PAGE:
He went on to say, “ In the long run we would like to see a much higher level of stability and sustainability in growth patterns of the developed world and in international financial governance”. He placed the G8 group of nations on notice that India would project its views on major global issues relating to the economic and financial crisis and its impact on development, food security, energy security, climate change, terrorism, international trade negotiations and reforms of international institutions.

By raising these issues, the Prime Minister was in fact fore-warning the G8 that India would not settle for anything less than a permanent seat in the UN Security Council and equal voting rights with the advanced economies in global financial governance in the IMF and the World Bank.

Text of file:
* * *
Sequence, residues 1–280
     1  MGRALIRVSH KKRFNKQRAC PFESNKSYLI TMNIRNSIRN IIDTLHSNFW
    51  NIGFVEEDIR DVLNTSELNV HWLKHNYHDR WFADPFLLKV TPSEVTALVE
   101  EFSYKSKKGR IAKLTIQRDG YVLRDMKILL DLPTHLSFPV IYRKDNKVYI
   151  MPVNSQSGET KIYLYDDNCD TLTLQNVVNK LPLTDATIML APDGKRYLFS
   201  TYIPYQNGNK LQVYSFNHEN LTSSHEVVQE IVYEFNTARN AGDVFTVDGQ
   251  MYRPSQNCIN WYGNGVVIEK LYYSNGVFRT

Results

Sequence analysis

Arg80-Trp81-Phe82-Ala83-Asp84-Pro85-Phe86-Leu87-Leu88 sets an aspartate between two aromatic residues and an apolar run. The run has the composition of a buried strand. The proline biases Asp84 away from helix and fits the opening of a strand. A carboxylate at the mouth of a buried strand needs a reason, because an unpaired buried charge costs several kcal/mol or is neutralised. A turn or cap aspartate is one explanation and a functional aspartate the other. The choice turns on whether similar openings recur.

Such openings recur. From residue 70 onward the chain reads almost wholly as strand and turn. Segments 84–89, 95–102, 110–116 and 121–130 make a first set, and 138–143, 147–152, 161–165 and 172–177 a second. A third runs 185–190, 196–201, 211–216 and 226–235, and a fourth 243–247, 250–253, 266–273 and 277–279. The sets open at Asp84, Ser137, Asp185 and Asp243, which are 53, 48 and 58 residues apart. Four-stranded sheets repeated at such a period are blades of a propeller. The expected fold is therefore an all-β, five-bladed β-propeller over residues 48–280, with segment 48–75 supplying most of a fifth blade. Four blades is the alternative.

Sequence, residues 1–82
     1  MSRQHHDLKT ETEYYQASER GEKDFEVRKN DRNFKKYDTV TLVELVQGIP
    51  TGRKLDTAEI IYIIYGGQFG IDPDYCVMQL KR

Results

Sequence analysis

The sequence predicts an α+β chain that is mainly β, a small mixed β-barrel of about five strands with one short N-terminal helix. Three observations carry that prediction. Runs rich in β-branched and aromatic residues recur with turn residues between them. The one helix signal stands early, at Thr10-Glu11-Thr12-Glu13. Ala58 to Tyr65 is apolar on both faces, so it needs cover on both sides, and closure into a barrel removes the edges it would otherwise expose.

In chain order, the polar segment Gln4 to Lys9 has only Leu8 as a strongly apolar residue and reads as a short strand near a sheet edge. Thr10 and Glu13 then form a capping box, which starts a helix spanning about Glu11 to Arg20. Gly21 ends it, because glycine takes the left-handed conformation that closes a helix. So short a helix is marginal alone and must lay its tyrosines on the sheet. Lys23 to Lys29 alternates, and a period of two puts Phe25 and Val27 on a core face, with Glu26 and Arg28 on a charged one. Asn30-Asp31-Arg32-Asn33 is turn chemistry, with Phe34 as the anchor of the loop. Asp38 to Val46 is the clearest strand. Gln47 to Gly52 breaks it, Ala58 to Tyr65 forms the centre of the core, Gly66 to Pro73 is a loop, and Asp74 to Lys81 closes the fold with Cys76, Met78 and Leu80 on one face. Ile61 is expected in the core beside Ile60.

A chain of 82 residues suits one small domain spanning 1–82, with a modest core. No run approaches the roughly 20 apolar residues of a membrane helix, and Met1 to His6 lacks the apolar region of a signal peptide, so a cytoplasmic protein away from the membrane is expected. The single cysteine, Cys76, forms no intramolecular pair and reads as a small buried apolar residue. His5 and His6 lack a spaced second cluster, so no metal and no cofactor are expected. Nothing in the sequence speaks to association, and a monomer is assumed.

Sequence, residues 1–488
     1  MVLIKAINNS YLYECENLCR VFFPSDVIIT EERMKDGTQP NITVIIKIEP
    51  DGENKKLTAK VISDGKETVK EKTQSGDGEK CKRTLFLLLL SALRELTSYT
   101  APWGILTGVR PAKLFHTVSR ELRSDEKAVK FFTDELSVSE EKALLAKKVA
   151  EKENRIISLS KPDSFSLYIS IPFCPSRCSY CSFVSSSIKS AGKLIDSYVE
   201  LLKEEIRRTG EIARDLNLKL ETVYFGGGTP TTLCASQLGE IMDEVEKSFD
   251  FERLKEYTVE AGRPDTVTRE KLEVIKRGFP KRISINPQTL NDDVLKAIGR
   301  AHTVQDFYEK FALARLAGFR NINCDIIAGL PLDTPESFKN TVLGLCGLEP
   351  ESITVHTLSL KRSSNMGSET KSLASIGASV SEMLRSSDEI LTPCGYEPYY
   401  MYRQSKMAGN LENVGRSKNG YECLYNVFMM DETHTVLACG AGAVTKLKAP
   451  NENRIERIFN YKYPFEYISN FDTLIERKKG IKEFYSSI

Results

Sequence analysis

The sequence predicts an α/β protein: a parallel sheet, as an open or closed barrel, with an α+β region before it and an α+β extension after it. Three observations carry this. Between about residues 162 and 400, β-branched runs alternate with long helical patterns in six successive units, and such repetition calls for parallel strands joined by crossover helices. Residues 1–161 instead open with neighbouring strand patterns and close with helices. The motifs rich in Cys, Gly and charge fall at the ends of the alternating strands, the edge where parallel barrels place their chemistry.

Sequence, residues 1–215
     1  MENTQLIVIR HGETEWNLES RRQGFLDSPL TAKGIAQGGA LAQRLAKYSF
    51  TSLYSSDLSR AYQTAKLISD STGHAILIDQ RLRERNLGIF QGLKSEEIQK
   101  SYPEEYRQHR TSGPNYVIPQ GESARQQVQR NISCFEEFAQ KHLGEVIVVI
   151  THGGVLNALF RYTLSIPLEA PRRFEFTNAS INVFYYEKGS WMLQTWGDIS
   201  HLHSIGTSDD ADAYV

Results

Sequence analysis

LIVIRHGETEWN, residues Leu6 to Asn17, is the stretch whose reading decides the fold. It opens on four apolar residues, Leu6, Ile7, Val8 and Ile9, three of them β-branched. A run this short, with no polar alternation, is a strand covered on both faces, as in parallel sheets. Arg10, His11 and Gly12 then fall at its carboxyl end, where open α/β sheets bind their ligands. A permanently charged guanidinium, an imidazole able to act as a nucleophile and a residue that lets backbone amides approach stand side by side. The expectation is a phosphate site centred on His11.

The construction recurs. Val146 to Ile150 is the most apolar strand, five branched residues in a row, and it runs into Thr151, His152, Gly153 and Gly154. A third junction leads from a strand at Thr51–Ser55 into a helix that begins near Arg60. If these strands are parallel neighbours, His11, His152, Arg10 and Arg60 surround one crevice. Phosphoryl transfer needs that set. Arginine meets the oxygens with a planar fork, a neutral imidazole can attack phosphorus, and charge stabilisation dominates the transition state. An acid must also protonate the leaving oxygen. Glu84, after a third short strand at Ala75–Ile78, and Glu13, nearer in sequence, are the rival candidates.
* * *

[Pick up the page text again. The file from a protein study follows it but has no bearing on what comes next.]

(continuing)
Before engaging the G8 on 9 July 2009, the Prime Minister had detailed discussions on 8 July with the G5 delegations from Brazil, China, Mexico and South Africa at the end of which, speaking to the press, he said that the developing economies had been the worst affected – he gave the example of high food prices - by the weakened global economy. “We discussed how we could contribute to strengthening the green shoots of recovery. It is only through an inclusive approach that a collective effort can be effectively made”.

The Prime Minister said, “As a responsible member of the international community India recognised its obligation to preserve the environment, but climate change could not be addressed by perpetuating poverty of the developing countries. We need to evolve a strategy of growth that brings about a higher standard of living without harming the environment.